EAST WINTHROP — The bass fishing wasn’t ideal Sunday on Cobbossee Lake, anglers said.
But the cause was, especially to David Reiss, of Alna, president of Classic Bass Masters, the club that co-hosted a 25th annual bass tournament on the lake. Proceeds — more than $25,000 in all — went, as they always do, to Special Olympics Maine, which provides training and puts on competitions for children and adults with intellectual disabilities.
“There’s no better cause, really,” Reiss said. “The Special Olympics is close to my heart. I’ve got an aunt with Down syndrome and my Dad always coached her.”
The tournament has been run all these years by Andy and Sheree Wess, the couple that owns Lakeside Motel, Cabins and Marina, just off U.S. Route 202. They started after their daughter, Carrie, who has developmental disabilities, started participating in the Special Olympics at age eight.
“Special Olympics is just a wonderful thing,” Andy Wess said. “It gives people an opportunity to compete and excel with their peers.”
And in this 25th year, they had a goal for the challenge: 100 boats and $25,000 for the organization, all-time highs. They got 101 boats and hit their money goal before prizes were raffled off to participants — with Carrie, now 34, enthusiastically reading the ticket numbers on a microphone.
Fishermen set out from the marina at 8 a.m., returning at 4 p.m. with their bass catches. Teams of two were allowed to catch a maximum of eight fish, which were weighed alive together and released afterward. There are other prizes for individual fish.
Usually it takes a combined 28 pounds to win, Andy Wess said. But this year, with more than 100 boats in the running, it would probably take more, he said when the boats were still on the lake.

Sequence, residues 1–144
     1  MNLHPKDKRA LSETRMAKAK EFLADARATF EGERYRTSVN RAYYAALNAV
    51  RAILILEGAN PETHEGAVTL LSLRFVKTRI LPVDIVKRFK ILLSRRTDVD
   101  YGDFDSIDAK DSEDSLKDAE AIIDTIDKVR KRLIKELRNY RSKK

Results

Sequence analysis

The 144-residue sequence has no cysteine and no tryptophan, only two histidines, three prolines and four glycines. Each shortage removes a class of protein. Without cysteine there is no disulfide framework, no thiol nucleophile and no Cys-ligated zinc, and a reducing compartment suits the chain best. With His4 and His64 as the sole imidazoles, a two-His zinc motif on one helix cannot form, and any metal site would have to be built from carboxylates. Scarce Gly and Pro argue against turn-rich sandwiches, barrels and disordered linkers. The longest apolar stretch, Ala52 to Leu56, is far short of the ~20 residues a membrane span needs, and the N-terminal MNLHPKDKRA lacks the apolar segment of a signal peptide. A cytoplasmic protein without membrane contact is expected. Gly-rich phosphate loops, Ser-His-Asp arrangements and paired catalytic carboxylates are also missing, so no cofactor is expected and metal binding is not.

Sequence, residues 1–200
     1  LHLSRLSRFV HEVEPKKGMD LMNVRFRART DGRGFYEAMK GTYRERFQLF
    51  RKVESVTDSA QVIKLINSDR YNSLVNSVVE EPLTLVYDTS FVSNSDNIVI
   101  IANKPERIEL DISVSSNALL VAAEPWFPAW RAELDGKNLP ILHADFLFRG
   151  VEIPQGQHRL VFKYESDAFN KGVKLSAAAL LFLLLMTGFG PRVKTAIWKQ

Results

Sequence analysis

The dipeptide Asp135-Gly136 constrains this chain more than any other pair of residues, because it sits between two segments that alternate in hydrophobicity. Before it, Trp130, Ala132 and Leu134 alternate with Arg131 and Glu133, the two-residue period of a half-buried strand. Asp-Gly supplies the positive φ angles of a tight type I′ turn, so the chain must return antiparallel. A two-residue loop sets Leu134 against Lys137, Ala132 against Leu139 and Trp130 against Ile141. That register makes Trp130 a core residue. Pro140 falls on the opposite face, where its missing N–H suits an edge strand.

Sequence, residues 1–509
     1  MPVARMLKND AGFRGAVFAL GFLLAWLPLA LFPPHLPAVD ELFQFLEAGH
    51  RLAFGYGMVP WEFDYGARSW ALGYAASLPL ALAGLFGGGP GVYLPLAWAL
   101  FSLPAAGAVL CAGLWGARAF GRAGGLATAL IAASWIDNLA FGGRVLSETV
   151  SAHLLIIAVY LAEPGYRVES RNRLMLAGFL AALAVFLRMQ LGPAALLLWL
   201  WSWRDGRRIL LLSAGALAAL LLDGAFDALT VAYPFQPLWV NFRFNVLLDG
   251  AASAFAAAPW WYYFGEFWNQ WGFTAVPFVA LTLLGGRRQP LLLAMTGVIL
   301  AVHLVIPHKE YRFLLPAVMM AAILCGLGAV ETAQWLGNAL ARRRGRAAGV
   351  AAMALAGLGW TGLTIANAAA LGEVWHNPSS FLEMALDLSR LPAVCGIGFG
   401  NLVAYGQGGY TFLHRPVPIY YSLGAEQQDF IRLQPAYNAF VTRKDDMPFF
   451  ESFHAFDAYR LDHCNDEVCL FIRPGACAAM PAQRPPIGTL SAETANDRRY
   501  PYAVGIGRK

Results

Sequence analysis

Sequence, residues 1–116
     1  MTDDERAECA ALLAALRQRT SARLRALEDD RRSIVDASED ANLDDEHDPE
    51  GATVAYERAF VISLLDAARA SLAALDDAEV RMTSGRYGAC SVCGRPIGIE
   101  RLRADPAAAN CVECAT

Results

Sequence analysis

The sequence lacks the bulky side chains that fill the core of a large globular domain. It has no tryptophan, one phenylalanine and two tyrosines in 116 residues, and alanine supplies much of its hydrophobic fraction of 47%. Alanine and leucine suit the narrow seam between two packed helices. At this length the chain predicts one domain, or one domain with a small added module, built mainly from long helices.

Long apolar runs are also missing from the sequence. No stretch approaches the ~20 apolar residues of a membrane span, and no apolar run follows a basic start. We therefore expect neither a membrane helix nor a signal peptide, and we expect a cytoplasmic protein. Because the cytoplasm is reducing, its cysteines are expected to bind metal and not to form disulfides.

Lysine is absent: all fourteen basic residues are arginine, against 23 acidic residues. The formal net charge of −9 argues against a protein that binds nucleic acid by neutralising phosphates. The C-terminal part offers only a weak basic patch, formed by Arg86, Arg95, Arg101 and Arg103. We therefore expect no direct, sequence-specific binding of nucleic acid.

He was right. The winning team, George Cooper, of Buxton, and Dwayne Turnage, of Hollis, hauled in nearly 31 pounds. Not everyone was so lucky, and nobody was close to Cooper and Turnage, who got the $3,000 prize.
Cobbossee is known as one of the best bass lakes in the country with Bassmaster magazine ranking it No. 52 in 2014. That was second-best in Maine behind China Lake at No. 23. But the cold that persisted into this spring lingered. All ice left the lake on April 22 — about a month after the ice-out date in 2012, according to the Cobbosseecontee Yacht Club.
Reiss and his partner took in just over 20 pounds, which he said was about what he expected. But he and others said the fishing was tough. Many other teams took in less than he did. He said since the water is cold in the lake, bass are avoiding shallow water and diving deeper to find warmer temperatures.
That makes for harder, blinder fishing that “separates the men from the boys,” Reiss said.
“I went to my usual spots and they didn’t produce, so we had to kind of fly by the seat of our pants,” he said.
But at the end of the day, the tournament was for the Special Olympics. After Andy Wess announced over the microphone that they were getting close to their goal, attendees came to him and shoved cash in his hand, putting him over the top by the time he handed a check to Michael Baribeau, who is on the Special Olympics Maine board of directors.
“I hope this continues for another 25 years,” Baribeau said.